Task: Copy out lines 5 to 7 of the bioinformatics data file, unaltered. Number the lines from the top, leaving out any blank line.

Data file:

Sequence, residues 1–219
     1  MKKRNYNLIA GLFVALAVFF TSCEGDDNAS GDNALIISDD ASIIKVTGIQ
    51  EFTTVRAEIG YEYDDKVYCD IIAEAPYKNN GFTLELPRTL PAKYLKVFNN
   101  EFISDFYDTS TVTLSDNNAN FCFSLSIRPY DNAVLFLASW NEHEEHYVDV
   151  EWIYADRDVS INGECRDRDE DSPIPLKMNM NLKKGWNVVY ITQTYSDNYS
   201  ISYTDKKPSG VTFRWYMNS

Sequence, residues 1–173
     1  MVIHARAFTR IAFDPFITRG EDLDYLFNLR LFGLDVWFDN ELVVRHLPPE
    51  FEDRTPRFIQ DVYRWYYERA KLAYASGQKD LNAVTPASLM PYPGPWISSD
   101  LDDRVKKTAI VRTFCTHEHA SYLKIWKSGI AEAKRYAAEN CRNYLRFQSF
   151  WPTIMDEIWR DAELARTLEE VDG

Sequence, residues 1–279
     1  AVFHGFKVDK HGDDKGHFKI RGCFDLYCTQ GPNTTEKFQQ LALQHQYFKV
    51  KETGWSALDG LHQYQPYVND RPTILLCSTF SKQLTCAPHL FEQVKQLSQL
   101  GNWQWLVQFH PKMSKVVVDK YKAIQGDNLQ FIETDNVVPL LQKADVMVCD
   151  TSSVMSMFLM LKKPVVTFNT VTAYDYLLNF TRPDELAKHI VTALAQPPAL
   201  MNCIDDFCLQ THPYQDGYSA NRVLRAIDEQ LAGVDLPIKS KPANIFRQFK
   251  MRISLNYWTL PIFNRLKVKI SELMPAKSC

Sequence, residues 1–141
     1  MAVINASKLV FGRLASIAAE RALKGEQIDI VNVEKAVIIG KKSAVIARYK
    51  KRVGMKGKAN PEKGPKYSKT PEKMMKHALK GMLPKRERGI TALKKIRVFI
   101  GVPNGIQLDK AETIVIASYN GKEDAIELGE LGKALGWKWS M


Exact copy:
   151  EWIYADRDVS INGECRDRDE DSPIPLKMNM NLKKGWNVVY ITQTYSDNYS
   201  ISYTDKKPSG VTFRWYMNS

Sequence, residues 1–173